(Wired) The Recording Industry Association of America is suing 532 more individuals it says are illegally sharing copyright music over peer-to-peer networks, the group announced Wednesday. It’s the largest group of copyright-infringement lawsuits that the music trade group has filed since it began its crackdown on file traders in September. The latest batch of traders targeted by the RIAA are accused of distributing, on average, 858 music files.

Currently the RIAA doesn’t know exactly who these people are, so it must use a “John Doe” process to obtain the names of those it says are illegally sharing music. Defendants are identified by their IP addresses. Once the suit is filed, the record companies must go before a judge to seek a subpoena ordering an Internet service provider to provide the name of each suspected infringer.

“Our campaign against illegal file sharers is not missing a beat,” said Cary Sherman, president of the RIAA. “Illegal file sharers can’t claim ignorance any longer.”

The RIAA hopes to convert those who trade files illegally — using software like Kazaa, IMesh and Grokster — to legitimate services like iTunes, Napster and Wal-Mart, to name a few.

“The debate isn’t digital versus plastic. It isn’t old versus new. Here’s what it is: legitimate versus illegitimate,” said RIAA CEO Mitch Bainwol.

He said that while the RIAA’s education-and-enforcement campaign is working, making the public more aware of the problem of illegal file trading and actually changing some users’ behaviors, the job isn’t done.

Enter the newest round of lawsuits.

The suits were “bundled” into four lawsuits to “maximize the efficiency of the process,” Sherman said. They were filed in New York and Washington, D.C., but individual defendants could be located anywhere in the United States.

Previously, the music trade group had used a quicker subpoena power granted in the Digital Millennium Copyright Act to collect the names of suspected infringers. The process only required the signature of a district court clerk for ISPs to hand over the names of suspected infringers.

Verizon sued the RIAA for using the DMCA to obtain the personal information of its subscribers. In December, a federal court ruled that the DMCA does not authorize these types of subpoenas.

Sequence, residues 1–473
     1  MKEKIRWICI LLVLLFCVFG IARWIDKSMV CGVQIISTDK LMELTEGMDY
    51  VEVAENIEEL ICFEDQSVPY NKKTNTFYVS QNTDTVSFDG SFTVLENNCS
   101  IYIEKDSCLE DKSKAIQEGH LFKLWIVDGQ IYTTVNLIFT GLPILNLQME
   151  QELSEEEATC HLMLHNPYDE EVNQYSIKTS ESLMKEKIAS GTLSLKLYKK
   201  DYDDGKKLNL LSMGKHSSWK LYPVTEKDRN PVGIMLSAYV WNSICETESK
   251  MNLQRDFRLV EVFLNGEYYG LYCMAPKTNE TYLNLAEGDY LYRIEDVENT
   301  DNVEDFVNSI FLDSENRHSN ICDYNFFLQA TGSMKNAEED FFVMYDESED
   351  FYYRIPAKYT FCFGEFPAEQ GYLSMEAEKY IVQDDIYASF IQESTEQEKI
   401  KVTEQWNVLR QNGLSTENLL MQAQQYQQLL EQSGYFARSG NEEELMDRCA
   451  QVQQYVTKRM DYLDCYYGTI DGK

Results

Sherman said the RIAA had not yet decided if it would appeal the decision.

Since the RIAA does not know the names of those it is suing, Sherman said, it no longer will be able to notify the alleged file sharers that they may be the target of a lawsuit. However, he said the music trade group would continue to offer the defendants an opportunity to settle before litigation begins.

Before Wednesday’s announcement, the group had filed 382 lawsuits. Settlements have been reached in 233 of the cases, and 100 more are in process. Defendants generally have paid about $3,000 to settle their cases, Sherman said.

Sherman said some cases are going through the litigation process, but no trial dates have been set.

One critic of the RIAA’s suing strategy said the John Doe suits were good news for due process, but they won’t solve the copyright-infringement problem.

“We’re glad that the recording industry has agreed to play by the same rules that everyone else has to play by when they go to court,” said Jason Schultz, an attorney with the Electronic Frontier Foundation. “It forces them to go before the judge to prove their case to some degree before they can even request people’s personal information.

“But it still doesn’t solve any of the problems that the recording industry is facing. It doesn’t put a single penny in the pockets of artists, and it says nothing about a business model that doesn’t involve lawsuits.”